Document Detail

Management commitment to safety vs. employee perceived safety training and association with future injury.
MedLine Citation:
PMID:  22405241     Owner:  NLM     Status:  In-Data-Review    
OBJECTIVES: The purpose of this study is to explore and examine, specific to the restaurant industry, two important constructs emerging from the safety climate literature: employee perceptions of safety training and management commitment to safety. Are these two separate constructs? Are there both individual- and shared group-level safety perceptions for these two constructs? What are the relationships between these two constructs and future injury outcomes?
METHODS: A total of 419 employees from 34 limited-service restaurants participated in a prospective cohort study. Employees' perceptions of management commitment to safety and safety training and demographic variables were collected at the baseline. The survey questions were made available in three languages: English, Spanish, and Portuguese. For the following 12 weeks, participants reported their injury experience and weekly work hours. A multivariate negative binomial generalized estimating equation model with compound symmetry covariance structure was used to assess the association between the rate of self-reported injuries and measures of safety perceptions.
RESULTS: Even though results showed that the correlation between employees'perceived safety training and management commitment to safety was high, confirmatory factor analysis of measurement models showed that two separate factors fit the model better than as two dimensions of a single factor. Homogeneity tests showed that there was a shared perception of the factor of management commitment to safety for the restaurant workers but there was no consistent perception among them for the factor of perceived safety training. Both individual employees'perceived management commitment to safety and perceptions of safety training can predict employees' subsequent injuries above and beyond demographic variables. However, there was no significant relationship between future injury and employees' shared perception of management commitment to safety. Further, our results suggest that the variable of employees'perceived safety training could be a proximal predictor of future injury outcome which mediated the relationship between employees'perceived management commitment to safety (a distal predictor) and injury outcome. We propose that when employees perceive their management as having a high level of commitment to safety, they will also perceive that the safety training of the organization is good, which will then further predict future injury experience of the employees.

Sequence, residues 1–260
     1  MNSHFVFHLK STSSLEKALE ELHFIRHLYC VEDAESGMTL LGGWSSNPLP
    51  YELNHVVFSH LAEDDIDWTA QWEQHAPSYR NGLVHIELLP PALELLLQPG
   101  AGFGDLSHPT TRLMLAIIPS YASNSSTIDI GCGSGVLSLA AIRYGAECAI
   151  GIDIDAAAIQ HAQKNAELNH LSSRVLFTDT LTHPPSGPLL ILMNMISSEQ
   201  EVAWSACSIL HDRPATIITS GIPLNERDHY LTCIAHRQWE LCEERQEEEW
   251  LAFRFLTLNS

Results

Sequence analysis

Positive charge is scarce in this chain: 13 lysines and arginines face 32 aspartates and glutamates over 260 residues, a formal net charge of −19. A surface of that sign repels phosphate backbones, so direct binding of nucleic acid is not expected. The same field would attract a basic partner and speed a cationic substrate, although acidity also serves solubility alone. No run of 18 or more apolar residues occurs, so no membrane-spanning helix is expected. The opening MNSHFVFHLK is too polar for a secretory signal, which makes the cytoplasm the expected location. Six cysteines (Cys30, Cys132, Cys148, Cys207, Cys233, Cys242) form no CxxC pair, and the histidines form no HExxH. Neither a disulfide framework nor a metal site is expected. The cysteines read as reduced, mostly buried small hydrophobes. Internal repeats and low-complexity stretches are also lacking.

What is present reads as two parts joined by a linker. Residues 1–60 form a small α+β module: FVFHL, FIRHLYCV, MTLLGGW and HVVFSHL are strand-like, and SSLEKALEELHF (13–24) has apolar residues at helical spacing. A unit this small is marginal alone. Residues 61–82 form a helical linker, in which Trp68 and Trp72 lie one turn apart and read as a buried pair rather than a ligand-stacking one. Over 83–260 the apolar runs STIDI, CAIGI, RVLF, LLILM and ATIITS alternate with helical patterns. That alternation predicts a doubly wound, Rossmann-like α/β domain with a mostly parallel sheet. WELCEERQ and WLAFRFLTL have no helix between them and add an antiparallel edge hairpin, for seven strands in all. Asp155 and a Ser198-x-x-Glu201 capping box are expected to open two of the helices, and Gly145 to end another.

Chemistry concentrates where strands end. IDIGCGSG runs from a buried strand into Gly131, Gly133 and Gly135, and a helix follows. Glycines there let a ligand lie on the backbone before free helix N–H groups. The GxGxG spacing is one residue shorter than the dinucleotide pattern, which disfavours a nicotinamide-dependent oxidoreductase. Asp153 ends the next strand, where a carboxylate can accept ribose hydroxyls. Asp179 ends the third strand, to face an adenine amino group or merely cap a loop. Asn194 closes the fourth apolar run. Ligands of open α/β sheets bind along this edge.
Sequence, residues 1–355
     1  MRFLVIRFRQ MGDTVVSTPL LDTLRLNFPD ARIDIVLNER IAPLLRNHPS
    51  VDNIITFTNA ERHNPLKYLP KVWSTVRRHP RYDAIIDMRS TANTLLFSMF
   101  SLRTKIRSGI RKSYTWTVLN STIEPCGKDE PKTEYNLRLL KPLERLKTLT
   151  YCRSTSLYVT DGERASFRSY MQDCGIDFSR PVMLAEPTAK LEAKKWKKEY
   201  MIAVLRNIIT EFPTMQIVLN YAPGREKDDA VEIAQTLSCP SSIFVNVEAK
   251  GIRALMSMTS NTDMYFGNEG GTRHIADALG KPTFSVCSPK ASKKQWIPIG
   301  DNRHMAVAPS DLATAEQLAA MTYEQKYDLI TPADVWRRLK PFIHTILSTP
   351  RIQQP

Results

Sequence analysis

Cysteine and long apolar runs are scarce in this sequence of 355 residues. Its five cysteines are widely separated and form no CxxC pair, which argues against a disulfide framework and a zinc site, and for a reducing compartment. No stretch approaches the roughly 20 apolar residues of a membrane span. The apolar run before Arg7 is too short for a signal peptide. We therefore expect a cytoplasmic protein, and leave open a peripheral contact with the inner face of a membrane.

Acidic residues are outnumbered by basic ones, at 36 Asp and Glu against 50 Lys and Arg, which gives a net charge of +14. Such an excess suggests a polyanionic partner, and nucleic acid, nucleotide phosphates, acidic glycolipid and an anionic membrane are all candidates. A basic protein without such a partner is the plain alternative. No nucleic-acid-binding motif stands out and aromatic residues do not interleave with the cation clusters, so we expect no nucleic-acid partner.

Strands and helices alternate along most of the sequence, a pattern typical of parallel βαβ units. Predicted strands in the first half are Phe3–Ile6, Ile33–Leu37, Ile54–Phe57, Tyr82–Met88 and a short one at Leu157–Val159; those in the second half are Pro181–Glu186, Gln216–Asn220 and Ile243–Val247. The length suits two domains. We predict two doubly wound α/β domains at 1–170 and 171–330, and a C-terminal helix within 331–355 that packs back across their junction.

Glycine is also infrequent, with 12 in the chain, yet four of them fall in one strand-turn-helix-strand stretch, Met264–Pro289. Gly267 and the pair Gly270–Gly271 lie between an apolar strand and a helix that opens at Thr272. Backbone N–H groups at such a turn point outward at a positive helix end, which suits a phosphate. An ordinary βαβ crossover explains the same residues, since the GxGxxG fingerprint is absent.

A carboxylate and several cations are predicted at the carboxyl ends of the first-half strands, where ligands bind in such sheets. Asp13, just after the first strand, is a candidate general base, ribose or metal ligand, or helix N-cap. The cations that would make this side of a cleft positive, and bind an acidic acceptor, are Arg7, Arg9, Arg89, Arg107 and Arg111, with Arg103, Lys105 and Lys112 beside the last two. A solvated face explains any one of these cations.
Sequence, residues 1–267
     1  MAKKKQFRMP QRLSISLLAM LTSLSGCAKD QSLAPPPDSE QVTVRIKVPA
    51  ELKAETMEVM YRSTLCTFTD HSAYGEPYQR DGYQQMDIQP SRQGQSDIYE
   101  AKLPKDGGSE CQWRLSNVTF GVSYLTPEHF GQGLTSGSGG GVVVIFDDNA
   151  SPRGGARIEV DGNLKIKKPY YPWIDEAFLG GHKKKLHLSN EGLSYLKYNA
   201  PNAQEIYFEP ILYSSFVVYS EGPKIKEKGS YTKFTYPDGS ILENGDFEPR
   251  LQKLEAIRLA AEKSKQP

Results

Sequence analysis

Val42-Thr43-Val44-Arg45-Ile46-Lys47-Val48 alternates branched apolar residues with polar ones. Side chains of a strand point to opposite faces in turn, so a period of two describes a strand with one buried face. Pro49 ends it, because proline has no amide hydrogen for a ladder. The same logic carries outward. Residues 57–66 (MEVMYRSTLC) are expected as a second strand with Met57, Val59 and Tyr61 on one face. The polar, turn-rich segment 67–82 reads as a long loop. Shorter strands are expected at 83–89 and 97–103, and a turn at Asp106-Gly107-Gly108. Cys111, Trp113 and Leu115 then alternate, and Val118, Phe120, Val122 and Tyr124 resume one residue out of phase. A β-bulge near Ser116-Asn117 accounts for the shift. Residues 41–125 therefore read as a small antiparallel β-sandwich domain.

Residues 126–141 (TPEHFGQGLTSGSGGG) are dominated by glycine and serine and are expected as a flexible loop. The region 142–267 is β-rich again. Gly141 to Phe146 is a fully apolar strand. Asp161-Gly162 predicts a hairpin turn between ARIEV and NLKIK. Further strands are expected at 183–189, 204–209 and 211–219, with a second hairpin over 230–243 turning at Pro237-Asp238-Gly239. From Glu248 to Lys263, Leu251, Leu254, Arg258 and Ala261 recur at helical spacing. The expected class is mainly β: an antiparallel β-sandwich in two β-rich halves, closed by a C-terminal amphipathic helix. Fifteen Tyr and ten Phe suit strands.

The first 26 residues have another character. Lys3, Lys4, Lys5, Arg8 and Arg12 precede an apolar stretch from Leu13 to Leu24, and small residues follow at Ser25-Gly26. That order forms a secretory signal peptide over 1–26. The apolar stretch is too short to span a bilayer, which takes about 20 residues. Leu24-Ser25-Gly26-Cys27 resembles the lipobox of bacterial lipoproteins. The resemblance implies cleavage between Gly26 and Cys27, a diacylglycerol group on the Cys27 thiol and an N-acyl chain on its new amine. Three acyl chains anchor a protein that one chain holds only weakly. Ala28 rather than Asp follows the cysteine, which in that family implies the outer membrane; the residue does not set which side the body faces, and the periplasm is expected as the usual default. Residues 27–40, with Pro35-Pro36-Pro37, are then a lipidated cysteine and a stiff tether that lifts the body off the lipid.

Yueng-Hsiang Huang; Santosh K Verma; Wen-Ruey Chang; Theodore K Courtney; David A Lombardi; Melanye J Brennan; Melissa J Perry
Publication Detail:
Type:  Journal Article     Date:  2012-02-08
Journal Detail:
Title:  Accident; analysis and prevention     Volume:  47     ISSN:  1879-2057     ISO Abbreviation:  Accid Anal Prev     Publication Date:  2012 Jul 
Date Detail:
Created Date:  2012-03-12     Completed Date:  -     Revised Date:  -    
Medline Journal Info:
Nlm Unique ID:  1254476     Medline TA:  Accid Anal Prev     Country:  England    
Other Details:
Languages:  eng     Pagination:  94-101     Citation Subset:  IM    
Copyright Information:
Copyright © 2012 Elsevier Ltd. All rights reserved.
Center for Behavioral Science, Liberty Mutual Research Institute for Safety, Hopkinton, MA, USA.
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